Help students help students

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Help students help students

As part of the Seoul government’s 2009 school support programs, about 10,000 college students in Seoul will help elementary, middle and high school students with their after-school studies starting next year.

The plan will provide supplementary lessons to students lagging behind in their classes and kids from low-income families who don’t usually have access to private educational services.

We hope this will add momentum to the trend of university students helping younger students out with their homework.

Positive effects of the program, in which university students volunteer to teach elementary, middle and high school students after school, have already been demonstrated by a program carried out by the Busan City Office of Education.

This year, 1,154 college students from six universities in Busan, including Pusan National University, have assisted 3,155 elementary, middle and high school students in their after-school studies two or three times a week. According to a Busan City Office of Education survey, most participating students have been satisfied with the program, and their academic performance has improved. As each volunteer teacher only has a small number of pupils, he or she can teach according to each student’s level. In addition to academic help, the student-teachers can also provide career counseling for their charges, and mentor them with regard to the everyday problems of life.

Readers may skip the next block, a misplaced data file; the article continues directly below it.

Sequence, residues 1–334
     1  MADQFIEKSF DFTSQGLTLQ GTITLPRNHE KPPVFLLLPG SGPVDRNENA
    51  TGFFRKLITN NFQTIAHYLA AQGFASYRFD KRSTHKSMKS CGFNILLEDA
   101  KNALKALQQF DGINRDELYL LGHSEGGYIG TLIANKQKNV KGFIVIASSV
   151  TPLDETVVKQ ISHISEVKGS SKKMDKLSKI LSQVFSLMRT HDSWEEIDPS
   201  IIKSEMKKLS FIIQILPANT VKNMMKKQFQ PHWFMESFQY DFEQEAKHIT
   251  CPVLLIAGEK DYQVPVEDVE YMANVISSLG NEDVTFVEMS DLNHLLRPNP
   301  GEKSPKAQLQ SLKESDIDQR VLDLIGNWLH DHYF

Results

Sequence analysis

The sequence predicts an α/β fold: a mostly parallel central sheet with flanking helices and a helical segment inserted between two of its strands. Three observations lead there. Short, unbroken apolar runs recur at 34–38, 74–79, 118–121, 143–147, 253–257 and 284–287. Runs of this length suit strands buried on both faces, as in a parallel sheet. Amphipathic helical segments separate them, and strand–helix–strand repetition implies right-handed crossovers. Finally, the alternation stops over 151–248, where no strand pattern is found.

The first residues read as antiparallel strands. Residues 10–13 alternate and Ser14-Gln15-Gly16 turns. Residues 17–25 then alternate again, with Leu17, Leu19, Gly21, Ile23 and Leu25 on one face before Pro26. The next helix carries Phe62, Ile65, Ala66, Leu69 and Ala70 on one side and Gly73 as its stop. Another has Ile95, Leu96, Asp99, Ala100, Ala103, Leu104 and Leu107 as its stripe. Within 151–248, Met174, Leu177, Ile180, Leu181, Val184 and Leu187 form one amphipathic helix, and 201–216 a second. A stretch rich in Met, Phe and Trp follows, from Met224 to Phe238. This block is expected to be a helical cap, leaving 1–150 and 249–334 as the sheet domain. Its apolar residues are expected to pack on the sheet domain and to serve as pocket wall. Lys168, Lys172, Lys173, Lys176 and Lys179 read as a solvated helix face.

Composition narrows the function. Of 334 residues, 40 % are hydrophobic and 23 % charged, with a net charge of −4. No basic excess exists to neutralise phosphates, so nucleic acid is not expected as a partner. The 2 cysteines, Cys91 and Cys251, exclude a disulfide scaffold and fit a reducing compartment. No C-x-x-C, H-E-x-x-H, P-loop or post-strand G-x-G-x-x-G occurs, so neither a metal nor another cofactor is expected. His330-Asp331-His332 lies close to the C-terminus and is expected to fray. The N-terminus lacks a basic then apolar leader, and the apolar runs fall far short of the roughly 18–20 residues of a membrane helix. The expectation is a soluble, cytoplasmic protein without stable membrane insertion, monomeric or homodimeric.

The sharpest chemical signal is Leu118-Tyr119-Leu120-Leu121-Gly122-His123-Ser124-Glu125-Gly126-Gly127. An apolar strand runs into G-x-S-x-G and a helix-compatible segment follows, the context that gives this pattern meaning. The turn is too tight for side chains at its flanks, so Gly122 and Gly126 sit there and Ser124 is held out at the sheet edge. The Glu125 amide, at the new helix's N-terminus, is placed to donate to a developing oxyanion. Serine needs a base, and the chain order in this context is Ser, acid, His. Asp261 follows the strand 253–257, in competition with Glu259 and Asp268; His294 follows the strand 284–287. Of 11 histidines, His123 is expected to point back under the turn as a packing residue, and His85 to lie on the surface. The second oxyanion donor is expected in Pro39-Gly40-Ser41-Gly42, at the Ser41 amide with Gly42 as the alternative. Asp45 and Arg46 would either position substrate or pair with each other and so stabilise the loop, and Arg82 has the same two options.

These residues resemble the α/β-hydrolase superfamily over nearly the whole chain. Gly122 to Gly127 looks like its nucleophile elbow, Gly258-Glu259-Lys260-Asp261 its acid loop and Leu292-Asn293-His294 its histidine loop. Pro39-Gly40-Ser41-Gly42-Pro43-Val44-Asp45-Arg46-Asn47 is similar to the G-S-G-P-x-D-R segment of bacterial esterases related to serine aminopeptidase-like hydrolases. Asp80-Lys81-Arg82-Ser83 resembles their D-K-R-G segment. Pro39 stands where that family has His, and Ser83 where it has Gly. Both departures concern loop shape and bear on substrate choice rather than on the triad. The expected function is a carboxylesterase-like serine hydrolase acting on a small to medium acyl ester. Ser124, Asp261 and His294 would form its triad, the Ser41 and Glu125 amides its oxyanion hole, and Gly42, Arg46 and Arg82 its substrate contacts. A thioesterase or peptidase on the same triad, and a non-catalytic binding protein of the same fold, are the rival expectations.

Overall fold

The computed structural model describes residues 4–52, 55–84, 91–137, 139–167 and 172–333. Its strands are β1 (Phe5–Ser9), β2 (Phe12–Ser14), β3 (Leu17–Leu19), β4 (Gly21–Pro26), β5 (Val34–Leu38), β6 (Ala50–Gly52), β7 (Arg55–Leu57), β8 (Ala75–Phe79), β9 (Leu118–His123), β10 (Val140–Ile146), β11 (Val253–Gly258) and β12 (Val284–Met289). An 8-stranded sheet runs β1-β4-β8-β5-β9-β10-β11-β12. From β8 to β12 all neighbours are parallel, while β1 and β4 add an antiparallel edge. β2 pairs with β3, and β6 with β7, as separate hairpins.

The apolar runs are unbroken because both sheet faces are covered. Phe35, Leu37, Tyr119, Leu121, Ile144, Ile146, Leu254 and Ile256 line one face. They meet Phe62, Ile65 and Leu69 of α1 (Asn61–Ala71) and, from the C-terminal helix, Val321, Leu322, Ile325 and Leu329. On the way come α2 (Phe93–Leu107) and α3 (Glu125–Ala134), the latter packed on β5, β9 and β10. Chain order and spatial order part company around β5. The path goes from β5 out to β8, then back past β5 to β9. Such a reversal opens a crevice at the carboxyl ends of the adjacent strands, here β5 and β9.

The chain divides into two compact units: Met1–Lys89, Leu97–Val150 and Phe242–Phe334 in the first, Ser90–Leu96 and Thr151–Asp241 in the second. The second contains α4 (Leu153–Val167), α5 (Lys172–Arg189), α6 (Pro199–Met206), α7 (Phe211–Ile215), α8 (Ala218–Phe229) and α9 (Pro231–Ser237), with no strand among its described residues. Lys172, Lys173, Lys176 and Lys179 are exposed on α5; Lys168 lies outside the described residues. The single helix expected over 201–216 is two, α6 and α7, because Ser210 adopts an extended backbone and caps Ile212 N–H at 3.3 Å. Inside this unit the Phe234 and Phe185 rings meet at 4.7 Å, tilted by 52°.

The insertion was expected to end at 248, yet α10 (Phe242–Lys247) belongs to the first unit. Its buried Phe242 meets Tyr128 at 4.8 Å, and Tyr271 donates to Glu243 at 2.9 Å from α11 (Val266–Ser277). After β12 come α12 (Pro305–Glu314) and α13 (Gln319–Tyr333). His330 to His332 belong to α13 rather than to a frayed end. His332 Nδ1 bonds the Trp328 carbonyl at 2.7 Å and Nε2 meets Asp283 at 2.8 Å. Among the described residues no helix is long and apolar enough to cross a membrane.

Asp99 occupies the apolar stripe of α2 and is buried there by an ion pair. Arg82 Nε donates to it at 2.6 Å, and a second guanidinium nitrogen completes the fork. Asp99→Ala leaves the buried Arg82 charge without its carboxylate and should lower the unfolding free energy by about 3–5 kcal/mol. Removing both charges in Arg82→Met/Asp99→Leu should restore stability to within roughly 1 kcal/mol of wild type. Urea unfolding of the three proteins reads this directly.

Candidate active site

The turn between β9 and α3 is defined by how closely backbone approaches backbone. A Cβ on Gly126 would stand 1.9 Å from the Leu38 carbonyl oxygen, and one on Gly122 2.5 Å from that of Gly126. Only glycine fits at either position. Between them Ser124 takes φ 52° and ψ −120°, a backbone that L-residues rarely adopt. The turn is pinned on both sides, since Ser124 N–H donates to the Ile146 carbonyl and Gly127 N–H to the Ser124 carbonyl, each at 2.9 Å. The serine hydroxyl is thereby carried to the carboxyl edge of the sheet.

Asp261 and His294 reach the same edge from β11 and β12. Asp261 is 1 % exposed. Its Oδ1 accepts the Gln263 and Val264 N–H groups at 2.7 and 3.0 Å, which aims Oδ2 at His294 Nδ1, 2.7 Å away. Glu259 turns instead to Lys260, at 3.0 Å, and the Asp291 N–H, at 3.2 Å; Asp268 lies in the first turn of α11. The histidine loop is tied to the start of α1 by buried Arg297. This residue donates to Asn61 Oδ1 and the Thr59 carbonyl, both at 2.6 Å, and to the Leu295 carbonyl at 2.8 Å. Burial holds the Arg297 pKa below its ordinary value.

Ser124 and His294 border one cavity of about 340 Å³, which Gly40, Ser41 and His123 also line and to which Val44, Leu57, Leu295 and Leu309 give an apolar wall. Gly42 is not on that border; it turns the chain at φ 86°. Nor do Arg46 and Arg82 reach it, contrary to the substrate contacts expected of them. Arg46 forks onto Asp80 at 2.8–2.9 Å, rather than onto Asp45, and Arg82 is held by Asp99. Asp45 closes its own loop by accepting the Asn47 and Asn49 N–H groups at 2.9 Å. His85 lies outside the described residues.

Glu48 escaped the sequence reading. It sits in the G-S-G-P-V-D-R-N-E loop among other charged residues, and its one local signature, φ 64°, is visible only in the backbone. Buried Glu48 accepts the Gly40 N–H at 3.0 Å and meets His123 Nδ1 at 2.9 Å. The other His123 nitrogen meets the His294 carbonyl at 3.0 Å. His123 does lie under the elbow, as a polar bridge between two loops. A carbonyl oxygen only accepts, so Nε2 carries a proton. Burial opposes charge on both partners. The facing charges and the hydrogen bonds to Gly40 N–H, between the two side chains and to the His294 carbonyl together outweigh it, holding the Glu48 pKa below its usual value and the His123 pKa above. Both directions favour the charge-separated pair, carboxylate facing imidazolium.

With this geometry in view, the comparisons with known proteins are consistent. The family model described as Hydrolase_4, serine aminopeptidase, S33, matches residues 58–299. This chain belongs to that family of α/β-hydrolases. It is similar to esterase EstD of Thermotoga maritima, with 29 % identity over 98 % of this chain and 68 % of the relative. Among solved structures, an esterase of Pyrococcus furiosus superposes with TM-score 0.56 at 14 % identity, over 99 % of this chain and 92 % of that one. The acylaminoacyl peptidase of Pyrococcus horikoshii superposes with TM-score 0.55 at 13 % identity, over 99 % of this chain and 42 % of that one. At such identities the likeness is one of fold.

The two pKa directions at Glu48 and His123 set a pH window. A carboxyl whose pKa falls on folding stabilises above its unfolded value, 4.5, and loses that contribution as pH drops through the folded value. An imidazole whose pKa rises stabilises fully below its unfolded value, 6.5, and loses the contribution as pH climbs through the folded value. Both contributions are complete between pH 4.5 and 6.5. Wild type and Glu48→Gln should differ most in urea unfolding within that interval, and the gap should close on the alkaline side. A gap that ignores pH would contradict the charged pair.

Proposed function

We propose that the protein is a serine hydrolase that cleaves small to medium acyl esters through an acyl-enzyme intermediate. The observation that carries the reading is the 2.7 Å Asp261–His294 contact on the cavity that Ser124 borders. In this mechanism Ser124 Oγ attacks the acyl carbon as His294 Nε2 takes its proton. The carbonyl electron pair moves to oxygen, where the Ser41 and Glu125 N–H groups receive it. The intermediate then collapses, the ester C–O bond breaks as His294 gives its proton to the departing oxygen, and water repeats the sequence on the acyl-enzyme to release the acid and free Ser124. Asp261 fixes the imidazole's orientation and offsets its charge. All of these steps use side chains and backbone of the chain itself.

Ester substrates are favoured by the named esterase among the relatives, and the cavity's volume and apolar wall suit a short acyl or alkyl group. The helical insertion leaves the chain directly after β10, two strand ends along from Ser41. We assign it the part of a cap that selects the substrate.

The most important aspect of the program is the active participation of the university students who provide the educational services. Universities should step forward to encourage more of their students to join the program.

As such, Korea University’s plan to give credits to students participating in the program is a great idea. Economic incentives are also a positive step, such as the 400,000 won reduction in tuition offered by Pusan National University.

The quality of the university students who participate in the program is also important. Only competent, motivated young adults can provide quality education. That’s why Pusan National University selected its candidates through an application process that included a written examination.

Areas of assistance also need to be diversified to include extracurricular activities and career counseling. In this way, the satisfaction of the students participating in the program will increase, giving the whole system more positive energy.
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